I assumed the NFL would do something stupid to threaten the money pot, it might still happen but for now they just might have figured out that quibbling over millions while people are hurting is bad PR.

This weekends NFL games are an excellent metaphor on the more tragic events of this past weekend.

Looking at the Wild card games
3 times out of 4 the home team (the actual division winner) lost. The one exception was when the 7-9 Seattle Seahawks, after a week of breast beating concerning their presence in the postseason , defeated the defending Superbowl champion New Orleans Saints.

All of the predictions and punditry meant nothing, when the actual game was played the only things relevant were the facts on the ground. (Fans of teams like New England should take this to heart)

Likewise in the last election cycle. People claimed that opposition to the health care plan would not work, that opposing a president who was wildly popular would hurt Republicans. That conservatives needed to compromise. As the polls failed to back up those views pundits instead talked about how the John Stewart Rally, the Coffee Party and the idea that the president’s healthcare plan were not as unpopular as people claimed yet when the dust had settled a net gain of 63 seats in the house was the result.

One again prognostications were useless when compared to the actual facts on the ground.

Now we see the violence in Arizona and once again we see an incredible array of pundits making statements concerning the motivations of the shooter. It’s Palin’s fault because of a map icon, it’s the tea party’s fault because of their support of the 2nd amendment, On twitter this morning (1 a.m EST) an incredible array of people are trying to blame Andrew Breitbart.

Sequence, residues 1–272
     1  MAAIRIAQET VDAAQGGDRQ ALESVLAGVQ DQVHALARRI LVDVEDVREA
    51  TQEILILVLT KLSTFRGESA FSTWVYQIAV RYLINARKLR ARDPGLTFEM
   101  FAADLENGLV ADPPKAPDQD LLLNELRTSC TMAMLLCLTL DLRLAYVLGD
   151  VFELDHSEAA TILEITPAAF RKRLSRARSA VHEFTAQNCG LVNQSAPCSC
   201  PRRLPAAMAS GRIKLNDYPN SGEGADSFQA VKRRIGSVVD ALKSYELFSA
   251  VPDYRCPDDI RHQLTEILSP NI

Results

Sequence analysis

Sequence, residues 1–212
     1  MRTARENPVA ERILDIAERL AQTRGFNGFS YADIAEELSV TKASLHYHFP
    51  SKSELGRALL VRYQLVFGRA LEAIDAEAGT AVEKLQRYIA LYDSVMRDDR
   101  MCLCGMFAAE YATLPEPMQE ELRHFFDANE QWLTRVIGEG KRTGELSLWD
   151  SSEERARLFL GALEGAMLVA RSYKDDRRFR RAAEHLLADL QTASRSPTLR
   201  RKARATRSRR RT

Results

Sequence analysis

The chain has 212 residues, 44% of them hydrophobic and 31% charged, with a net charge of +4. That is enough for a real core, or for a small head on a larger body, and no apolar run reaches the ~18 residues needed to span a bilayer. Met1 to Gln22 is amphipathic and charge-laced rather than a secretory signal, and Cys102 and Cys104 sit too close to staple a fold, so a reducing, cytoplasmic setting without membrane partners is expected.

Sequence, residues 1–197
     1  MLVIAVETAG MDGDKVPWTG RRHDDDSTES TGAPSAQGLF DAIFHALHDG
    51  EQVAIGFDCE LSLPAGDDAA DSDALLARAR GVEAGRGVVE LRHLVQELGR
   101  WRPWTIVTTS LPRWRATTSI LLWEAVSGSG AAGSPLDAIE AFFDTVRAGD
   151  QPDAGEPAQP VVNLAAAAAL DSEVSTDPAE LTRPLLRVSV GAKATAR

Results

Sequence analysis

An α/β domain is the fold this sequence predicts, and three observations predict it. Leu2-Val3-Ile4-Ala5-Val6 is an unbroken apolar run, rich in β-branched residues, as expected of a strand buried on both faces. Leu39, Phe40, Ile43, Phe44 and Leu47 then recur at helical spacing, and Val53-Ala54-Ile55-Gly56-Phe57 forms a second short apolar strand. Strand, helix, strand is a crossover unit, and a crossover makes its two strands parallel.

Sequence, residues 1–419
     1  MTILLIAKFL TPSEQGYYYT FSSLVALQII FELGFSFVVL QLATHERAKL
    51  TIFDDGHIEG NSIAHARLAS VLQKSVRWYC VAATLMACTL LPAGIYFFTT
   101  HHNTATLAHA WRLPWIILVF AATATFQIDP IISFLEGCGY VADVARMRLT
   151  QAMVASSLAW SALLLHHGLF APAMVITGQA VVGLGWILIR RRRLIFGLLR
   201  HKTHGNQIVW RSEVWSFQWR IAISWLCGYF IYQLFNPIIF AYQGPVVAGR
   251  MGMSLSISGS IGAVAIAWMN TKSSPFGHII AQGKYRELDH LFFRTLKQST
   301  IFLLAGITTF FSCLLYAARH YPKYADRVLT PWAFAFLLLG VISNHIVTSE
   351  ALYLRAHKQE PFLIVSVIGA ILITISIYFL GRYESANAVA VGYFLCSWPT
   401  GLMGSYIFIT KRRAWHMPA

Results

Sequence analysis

All of these have in common a complete lack of evidence or objective facts to support their claims, in fact as time progresses the facts tend to show exactly the opposite.

As Glenn Reynolds has pointed out the narrative has been written long before this event and no quantity of facts on the ground is going to change it.

For example an Arizona state senator when faced with the anger and objections of supporters of the US Military after falsely stating the shooter was an Afghan vet (when in fact the Army rejected him) rather than retracting and apologizing (an easy thing, it was early and all the facts weren’t in) instead removed her contact information from her site.

This morning I suspect we will see the usual suspects continue this narrative, unfortunately unlike a football game or an election this isn’t a question of an actual result that is scored. This is all about massaging the ground for political gain. The goal is to influence those who normally don’t pay attention in the hopes that they will dismiss any arguments to the contrary.

With the race card gone the way of the dodo the violent tea party card is about to be played, facts be damned.

It will be up to the American people to decide if this rhetoric will be rewarded or not.

…I had done some channel surfing so when I went back to the game and saw Manning out I assumed he was injured or shaken up. I kept waiting for them to show the replay of the hit that brought him out. It never came.